CHAPTER 2 What to Look for in a Broker

Before you trade any financial instrument, you must open a brokerage account. Yes, more paperwork! But for many, that is not the worst part. There are many terms and concepts embedded in the paperwork that are foreign to most new investors. And there are many warnings as to the risks of various types of investments. In fact, there are additional risk disclosures specific to options you must read and sign when you open an account that allows options trading. But what brokers do not warn you about are the risks that are inherent in choosing the right brokerage firm. What do I mean by that? Let’s explore the topic in more depth.

Brokerages versus Banks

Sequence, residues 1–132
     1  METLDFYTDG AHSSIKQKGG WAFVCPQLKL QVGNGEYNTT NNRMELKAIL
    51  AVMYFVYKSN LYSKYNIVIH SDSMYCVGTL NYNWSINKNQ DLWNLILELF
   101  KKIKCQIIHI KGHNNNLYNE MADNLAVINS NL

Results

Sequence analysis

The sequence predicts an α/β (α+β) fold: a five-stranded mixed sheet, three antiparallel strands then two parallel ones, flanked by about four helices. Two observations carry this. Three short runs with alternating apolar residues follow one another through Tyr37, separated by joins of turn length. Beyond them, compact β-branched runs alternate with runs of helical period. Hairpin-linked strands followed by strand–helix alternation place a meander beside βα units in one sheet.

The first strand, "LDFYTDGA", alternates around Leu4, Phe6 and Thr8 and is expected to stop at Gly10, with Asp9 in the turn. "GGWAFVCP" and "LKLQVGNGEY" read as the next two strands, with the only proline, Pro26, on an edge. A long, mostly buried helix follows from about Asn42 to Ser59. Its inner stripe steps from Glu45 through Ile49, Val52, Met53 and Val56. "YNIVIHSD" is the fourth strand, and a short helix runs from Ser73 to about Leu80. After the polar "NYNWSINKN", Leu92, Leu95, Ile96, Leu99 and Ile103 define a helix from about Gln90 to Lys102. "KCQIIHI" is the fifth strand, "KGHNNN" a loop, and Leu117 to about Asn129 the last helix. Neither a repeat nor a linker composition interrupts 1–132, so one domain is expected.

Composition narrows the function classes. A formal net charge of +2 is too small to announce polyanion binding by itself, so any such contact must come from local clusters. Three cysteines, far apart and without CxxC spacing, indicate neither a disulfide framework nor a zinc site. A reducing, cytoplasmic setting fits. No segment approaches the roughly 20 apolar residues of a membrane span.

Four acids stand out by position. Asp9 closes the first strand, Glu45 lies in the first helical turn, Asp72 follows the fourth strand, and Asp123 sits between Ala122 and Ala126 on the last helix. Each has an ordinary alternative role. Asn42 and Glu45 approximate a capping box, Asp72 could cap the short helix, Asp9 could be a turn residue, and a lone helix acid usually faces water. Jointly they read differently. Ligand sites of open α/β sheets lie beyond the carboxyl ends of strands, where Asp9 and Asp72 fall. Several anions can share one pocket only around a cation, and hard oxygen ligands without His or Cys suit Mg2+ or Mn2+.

Most people are comfortable putting their money into banks. They are sure that when they drive to their local branch and ask for $300 to do some shopping, the bank will comply. They are also comfortable that when they choose to withdraw large percentages of their accounts, the bank will not have a problem coming up with the funds. This is particularly true for larger banks. Despite some times of distress, such as our most recent financial crisis of 2008–2009, the fact that the government-run FDIC (Federal Deposit Insurance Corporation) insures accounts for up to a total of $250,000 for each deposit ownership category in each insured bank lends further security to the depositor. But what do banks do with your money when you deposit it? If you are to be truly comfortable, shouldn’t you know ...

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